Headway Eats & CLS: a partnership
In the run up to our exciting February supper club and showcase, we spoke to CLS' Gawain Hewitt about the project.
This February 8th, 40 lucky diners will indulge in a three-course meal, cooked, served and eaten alongside brain injury survivors-turned burgeoning chefs; but this time with “The Headway Music Box”; a sonic interactive object created by CLS, as the centre piece. The project aims to provide the members an unrestricted, accessible route into music, as well as build upon CLS’s spiritual exploration of immersive musical environments in relation to its Modern Mystics concert that HEL attended in November.
In the run up to this, Kitty our fundraising and communications intern spoke with City of London Sinfonia's Gawain Hewitt about the exciting project:
Hey Gawain, so, tell us a bit about the night of performances?
GH: 'The supper club will be a chance to share the music facilitated by CLS and myself. I'm Gawain Hewitt a sound artist and musician. I'll be working with two other players from CLS composing original music and creating a sound installation together to be performed at the supper club, as well as facilitating a music project with Headway East London members, the progress of which will be presented on the night.'
That sounds really exciting! More specifically, how will you be collaborating with the members?
GH: 'Well the aim is to bring the CLS music to members at headway. They've come to a performance already: the Modern Mystics concert in November, now we're creating music here with the aim to increase Headway's capacity to create accessible music. We'll leave this sonic object that will have two functions: one will be a piece of sound art that people will be able to interact with, the other will be a device which James (HEL's music co-ordinator) will be able to use to create accessible instruments for members with physical and cognitive impairments and the access needs around those.'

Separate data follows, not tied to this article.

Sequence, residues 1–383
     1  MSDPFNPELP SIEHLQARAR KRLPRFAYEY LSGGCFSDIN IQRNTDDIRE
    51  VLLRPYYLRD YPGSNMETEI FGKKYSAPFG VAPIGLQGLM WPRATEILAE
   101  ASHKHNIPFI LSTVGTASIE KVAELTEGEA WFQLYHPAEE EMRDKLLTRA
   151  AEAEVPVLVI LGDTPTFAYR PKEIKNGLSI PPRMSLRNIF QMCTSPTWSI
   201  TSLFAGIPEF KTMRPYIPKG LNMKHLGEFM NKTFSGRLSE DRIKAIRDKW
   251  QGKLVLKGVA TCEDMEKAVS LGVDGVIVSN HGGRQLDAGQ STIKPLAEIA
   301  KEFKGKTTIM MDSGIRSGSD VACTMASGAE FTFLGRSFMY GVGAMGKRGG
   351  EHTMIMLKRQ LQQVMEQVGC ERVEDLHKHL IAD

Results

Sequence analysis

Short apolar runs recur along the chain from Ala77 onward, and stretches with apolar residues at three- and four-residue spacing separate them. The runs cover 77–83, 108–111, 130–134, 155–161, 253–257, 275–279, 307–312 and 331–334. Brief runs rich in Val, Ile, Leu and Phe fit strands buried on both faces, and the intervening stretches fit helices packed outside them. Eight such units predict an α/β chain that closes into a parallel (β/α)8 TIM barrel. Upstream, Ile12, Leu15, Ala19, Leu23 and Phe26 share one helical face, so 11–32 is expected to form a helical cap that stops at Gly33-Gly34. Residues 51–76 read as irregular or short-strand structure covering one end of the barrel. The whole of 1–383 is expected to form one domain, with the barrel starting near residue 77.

'All over East London there are people with strange haircuts making extraordinary music using innovative and experimental new instruments and we're doing the same work here.'
Why do you think this project is important?
GH: 'I'm strongly of the belief that we're all inherently musical, but we have this false situation where we've culturally allowed music to be held by the experts and I don’t really believe in that. What we've tried to do is create a space where people feel safe to explore and make music. We're giving all members of society a voice, which I think reflects well on us as a society. We should be rejecting this notion that music is only to be made by certain people who are good at it. That's what we're demonstrating here, a joyful and active interaction with music, away from any notions of excellence.'
What kind of equipment will you be using in order to make this as accessible as possible?
GH: 'iPads are really important because they're just so versatile from an accessible point of view. So, today we worked with someone with severe physical impairments which meant that all traditional musical instruments were not accessible to him and with an iPad we were very quickly able to get him making sounds which he was in control of, he was an intentional sound maker. That happened within five minutes. Without an iPad you just couldn't do that.'
Other than accessibility, what kind of impacts will this project have on the music world?
GH: 'We live in a time where creatively, innovation in music technology is very strong. We're sitting here in Haggerston having this conversation and all over East London there are people with strange haircuts making extraordinary music using innovative and experimental new instruments and we're doing the same work here. Yes it's accessible, but actually we're part of a broader movement towards experimental music making and experimental electronics and coding.'